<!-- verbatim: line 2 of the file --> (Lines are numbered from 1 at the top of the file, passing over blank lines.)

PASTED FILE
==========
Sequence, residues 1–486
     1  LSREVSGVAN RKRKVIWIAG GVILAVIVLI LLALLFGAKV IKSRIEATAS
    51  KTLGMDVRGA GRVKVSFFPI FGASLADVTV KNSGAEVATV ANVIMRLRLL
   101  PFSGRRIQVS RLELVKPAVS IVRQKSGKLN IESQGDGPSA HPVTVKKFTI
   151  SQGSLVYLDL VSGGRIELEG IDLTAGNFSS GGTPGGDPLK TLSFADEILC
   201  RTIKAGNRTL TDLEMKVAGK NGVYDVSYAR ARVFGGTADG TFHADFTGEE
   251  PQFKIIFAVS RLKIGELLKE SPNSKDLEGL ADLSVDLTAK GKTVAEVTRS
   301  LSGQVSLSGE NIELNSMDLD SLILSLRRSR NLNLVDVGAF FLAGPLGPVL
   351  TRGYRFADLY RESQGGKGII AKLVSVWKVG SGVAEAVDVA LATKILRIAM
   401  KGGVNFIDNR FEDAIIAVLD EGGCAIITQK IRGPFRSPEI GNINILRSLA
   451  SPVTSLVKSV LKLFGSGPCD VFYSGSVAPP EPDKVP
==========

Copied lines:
     1  LSREVSGVAN RKRKVIWIAG GVILAVIVLI LLALLFGAKV IKSRIEATAS